VANGUARD - Expressing the viewpoint of the Communist Party of Australia (Marxist-Leninist)
For National Independence and Socialism • www.cpaml.org
Sometimes human language fails to find adequate expressions to accurately and scientifically describe phenomena beyond our lived experience.
At the two extremes of matter in motion, where observations require extremely precise mathematical calculation, scientists fall back on metaphor and poetry to describe phenomena. Particle physicists attribute to a range of sub-atomic particles known as quarks the properties of “charm”, “colour” and “flavour”. Astrophysicists have given us “white dwarfs”, “black holes” and more.
In Capital Marx revealed in painstaking detail the economic laws of motion of modern society derived from his analysis of the production, distribution and exchange of commodities and embedded in the various circuits of capital. Bourgeois economists have spent 150 years distorting and denying Marxist political economy. Part of that distortion and denial is the creation of terms which capture surface appearances while obscuring the underlying laws. They develop their own language in the process, for example, “naked shorts” and “dead cat bounces” in the share markets and “deep pools” in the murky world of under-the-counter derivatives.
The economic and financial crisis of 2007-8 shocked and scared the economic observers of the ruling class. Instead of using scientifically correct Marxist terminology, they gave us “fat tails” and “black swans” (see below) amongst others. A fat tail describes an aberration in the bourgeois belief that the economy (profits and losses on the stock market in particular) follows a fairly predictable rise and fall over time. A horizontal graph will therefore have movement above and below the line within an understood range. Investors try to “read” this movement to buy and sell shares at the most advantageous moments.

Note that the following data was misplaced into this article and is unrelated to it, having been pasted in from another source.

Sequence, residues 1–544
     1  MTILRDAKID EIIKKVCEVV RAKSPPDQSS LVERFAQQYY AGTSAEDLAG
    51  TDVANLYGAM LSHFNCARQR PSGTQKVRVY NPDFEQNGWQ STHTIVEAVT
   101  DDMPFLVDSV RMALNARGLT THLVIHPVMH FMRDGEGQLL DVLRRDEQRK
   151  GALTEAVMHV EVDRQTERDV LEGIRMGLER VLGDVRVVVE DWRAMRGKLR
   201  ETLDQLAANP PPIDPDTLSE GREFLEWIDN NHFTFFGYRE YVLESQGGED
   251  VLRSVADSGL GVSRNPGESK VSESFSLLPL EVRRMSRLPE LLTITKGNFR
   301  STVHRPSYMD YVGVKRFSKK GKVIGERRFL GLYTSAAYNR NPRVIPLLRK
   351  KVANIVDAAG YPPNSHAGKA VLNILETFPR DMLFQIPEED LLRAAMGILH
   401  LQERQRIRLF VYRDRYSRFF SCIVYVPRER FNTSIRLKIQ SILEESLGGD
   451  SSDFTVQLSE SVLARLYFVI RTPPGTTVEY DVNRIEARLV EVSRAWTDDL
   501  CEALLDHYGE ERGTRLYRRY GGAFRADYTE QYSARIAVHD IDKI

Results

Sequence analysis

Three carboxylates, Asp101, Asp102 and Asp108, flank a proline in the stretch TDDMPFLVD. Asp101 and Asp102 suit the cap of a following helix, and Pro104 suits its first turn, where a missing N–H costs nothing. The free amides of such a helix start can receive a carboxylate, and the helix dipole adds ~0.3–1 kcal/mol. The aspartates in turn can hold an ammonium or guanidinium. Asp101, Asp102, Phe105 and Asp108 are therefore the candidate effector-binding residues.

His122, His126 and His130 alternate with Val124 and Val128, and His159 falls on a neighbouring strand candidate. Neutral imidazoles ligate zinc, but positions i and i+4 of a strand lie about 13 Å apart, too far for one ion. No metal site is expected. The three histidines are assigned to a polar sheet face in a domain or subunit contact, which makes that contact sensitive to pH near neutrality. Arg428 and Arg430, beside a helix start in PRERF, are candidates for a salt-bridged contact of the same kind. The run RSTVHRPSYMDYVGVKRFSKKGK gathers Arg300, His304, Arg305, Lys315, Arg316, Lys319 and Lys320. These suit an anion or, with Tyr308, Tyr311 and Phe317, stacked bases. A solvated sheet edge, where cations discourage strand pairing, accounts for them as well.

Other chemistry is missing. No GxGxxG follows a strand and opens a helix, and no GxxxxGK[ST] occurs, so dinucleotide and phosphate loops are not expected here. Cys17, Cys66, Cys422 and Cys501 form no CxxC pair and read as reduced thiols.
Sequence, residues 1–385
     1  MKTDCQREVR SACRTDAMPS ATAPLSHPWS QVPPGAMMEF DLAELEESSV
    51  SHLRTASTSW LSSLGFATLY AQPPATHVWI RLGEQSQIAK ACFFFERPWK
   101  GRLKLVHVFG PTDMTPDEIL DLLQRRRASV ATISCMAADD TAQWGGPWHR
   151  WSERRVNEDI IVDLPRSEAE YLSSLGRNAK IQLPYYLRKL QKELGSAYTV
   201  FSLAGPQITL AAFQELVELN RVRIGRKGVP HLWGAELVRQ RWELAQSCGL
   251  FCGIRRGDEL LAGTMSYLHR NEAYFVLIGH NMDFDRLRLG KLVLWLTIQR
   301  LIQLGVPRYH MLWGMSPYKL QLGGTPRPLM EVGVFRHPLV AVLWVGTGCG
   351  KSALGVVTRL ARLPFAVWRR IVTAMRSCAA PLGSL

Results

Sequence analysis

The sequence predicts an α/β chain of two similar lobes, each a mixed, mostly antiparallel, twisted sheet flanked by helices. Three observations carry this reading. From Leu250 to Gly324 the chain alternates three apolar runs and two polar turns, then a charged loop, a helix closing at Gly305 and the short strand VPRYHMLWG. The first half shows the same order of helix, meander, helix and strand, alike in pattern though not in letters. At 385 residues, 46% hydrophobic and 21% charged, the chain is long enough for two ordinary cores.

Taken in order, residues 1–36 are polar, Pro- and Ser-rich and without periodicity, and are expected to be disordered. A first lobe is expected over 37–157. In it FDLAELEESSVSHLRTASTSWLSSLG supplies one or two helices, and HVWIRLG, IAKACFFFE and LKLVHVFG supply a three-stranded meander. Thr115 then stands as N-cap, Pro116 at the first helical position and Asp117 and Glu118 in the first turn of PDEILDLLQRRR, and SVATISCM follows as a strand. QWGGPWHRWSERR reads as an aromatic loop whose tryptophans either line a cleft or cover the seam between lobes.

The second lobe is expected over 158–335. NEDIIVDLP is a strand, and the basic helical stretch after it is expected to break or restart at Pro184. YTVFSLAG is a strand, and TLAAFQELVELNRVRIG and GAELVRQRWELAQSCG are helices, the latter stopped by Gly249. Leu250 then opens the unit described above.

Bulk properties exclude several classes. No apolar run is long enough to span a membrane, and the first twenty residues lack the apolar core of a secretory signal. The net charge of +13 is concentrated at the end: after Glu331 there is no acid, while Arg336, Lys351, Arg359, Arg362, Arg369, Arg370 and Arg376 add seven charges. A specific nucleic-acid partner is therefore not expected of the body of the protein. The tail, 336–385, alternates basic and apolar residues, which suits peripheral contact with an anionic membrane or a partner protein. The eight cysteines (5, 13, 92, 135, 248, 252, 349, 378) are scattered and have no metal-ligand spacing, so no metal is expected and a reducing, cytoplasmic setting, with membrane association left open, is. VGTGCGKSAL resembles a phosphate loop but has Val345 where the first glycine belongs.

However, the law of uneven development does not allow such “normality”. Crises of overproduction (including overproduction of speculative capital, of capital with fictitious values unrelated to the production of commodities) conspire to disrupt the imaginary normality of capitalist activity. A fat tail is therefore a major spike either above or below the normal range of rises and falls on our horizontal graph line. Fat tails on the “loss” side of the horizontal axis are the stuff of financial nightmares. They are, however, required for a periodic destruction of over-inflated values within the circuits of capital.
2007-8 was such a major nightmare that finance capitalists awoke to the use of a new term: “black swan”. Black swan events were said, post-2007 when the term was coined, to have three characteristics: (i) they are unexpected and rare, thereby lying outside the realm of regular expectations; (ii) their impacts are wide-ranging or extreme; (iii) they can only be explained after the fact. The existence of black swans was based on the proven inability of central banks (such as Australia’s Reserve Bank) to predict and control through regulation and supervision, the desired state of financial stability.
The more perceptive analysts of finance capital are now acknowledging that climate change, as a consequence of the search by fossil fuel corporations for endless and expanded accumulation of capital, is looming as a threat to the capitalist classes of the world as a whole. One such analyst is the Bank for International Settlements (BIS), the central banker to the world’s central banks (eg the Reserve Bank in Australia). The BIS has credibility – in their June 2007 Report they warned of an impending crash. The Great Financial Crisis followed. Now the BIS has just released a paper called “Green Swans”. A green swan event is one arising from global climate change and is qualitatively more dangerous than a black swan event. The authors of the paper argue that green swans are different to black swans in three regards: